One thing that parenting does is allow you glimmers of the glory of God's heart in the incarnation.
We've been gone for a few days on vacation and it's no surprise to us that today has been tough. For one, we usually need a day for everyone to readjust. But all three boys have been sick. Last night I noticed one of my boys had what looked like chicken pox all over his body and his cough hasn't improved in 3 weeks. Moreover, our 1 year old has had a barking cough. So while it snowed in Houston I took our oldest to the doctor for the bumps all over his skin while Michelle took our youngest to another doctor for his cough.
Since my oldest son has had strep throat he's familiar with the "swabbing" that makes him gag. Today he wanted nothing to do with the test.
The nurse cajoled. I encouraged. The doctor demonstrated. Nothing seemed to work.
I had to get down on my knees, look him in the eyes with a cotton swab in my mouth and take the journey of suffering with him. He was able to muster the courage to swab his own throat as he watched me swab mine.
This afternoon the same son struggled desperately with the taste of the cough syrup. It was less than strawberry flavor. Less than pancake friendly. We cajoled. Encouraged. Threatened. Insisted. I even put sugar in it. Nada.
Desperate for him to finish his teaspoon I asked, "it tastes bad doesn't it?" His head nodded. "It tastes gross?" Affirmative. "I'm so sorry. Come sit on my lap and tell me."
He lamented the strawberry vile of despair--he wept with great sadness. But he finished the medicine. When I put my anger to death and quit trying to sell it as "yummy" and just met him in his fear it made all the difference.
Tonight was the same. After celebrating Christmas with family the boys were wired. Didn't want to go to sleep. At. All. I spanked. Stated the case. Commanded.
But tonight I needed to get down on the carpet. Forget the coughing. Forget that they are contagious with strep and I'll probably get it. Forget the tickle when you swallow. I needed to lay in the guest room in the dark and let them hear me breathing. They needed me to be with them--near them--go through it with them. It made all the difference.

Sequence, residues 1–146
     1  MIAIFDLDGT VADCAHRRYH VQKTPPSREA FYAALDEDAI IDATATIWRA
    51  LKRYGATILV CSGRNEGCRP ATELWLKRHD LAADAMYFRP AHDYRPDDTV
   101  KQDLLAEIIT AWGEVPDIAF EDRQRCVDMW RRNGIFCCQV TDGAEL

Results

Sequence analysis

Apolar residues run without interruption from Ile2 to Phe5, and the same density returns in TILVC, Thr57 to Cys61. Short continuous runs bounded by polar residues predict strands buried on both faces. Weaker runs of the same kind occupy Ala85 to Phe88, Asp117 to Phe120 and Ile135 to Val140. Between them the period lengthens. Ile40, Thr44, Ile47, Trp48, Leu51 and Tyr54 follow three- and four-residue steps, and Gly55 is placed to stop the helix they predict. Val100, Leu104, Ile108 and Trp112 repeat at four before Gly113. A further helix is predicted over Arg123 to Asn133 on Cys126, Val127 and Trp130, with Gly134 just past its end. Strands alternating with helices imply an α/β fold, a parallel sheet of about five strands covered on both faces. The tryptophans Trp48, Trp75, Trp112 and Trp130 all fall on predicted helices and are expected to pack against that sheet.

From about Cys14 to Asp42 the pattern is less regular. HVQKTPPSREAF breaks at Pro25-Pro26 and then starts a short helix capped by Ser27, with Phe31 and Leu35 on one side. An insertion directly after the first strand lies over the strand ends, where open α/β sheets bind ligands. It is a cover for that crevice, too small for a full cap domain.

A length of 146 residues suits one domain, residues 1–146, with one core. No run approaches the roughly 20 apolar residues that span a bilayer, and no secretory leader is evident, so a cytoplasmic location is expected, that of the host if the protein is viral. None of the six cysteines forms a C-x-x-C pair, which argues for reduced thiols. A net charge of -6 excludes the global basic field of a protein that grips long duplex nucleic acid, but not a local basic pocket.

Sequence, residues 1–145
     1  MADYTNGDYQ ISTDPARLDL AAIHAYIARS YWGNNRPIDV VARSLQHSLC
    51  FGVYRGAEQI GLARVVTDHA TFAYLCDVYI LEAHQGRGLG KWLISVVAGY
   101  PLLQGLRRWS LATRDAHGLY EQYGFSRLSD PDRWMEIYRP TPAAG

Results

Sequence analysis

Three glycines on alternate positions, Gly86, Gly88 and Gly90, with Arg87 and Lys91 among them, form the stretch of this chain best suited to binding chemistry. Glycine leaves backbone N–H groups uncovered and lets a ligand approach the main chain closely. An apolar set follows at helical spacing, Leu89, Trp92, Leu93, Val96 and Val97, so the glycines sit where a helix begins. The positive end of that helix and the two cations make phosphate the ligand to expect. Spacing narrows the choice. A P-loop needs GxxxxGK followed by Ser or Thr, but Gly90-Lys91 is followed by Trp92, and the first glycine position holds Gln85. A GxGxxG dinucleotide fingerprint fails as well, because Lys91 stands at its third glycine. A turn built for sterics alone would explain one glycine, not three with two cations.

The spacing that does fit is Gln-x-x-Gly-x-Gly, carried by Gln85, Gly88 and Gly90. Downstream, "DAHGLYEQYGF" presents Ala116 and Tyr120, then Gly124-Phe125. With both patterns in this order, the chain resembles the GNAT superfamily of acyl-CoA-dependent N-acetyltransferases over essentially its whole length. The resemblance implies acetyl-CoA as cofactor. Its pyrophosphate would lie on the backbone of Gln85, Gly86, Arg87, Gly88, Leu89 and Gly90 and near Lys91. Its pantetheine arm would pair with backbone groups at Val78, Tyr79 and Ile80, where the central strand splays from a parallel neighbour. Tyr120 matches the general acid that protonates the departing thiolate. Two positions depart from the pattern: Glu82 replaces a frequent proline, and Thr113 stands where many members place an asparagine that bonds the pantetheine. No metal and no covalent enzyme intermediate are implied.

Moments like this remind me of my own need--my own restlessness--for God to come down to me--in my helplessness and need. What I'm so often reluctant and unwilling to do God did with no reserve hesitation (John 10:18).
Note the steps of God's journey to us from Philippians 2:6-7.
Though equal with God in resplendent glory and perfect fellowship of joy, Jesus...
"made himself nothing..." [low]
"...taking the form of a servant..." [lower]
"...being born in the likeness of men." [lower]
"And being found in human form," [lower]
"...he humbled himself" [lower]
"...by becoming obedient to the point of death," [still lower]
"...even death on a cross." [lowest]
In the mercy of God salvation comes through the incarnation of the Son. This incarnation displays the eternal glory of God's heart for lost, desperate, and miserable sinners.
Sinners like you and me. Sinners that need a Savior to come down to us. To meet us where we are. A Savior willing to do the unthinkable and be near us--with us. This incarnation looks us in the eyes and makes us come face to face with courage-inducing love.
Parenting gives us plenty of opportunities to incarnate the love we profess to our children--and in so doing remind us of the One who did this perfectly for every time we don't or even won't.
His love can make me thankful for the tickle I feel in my throat.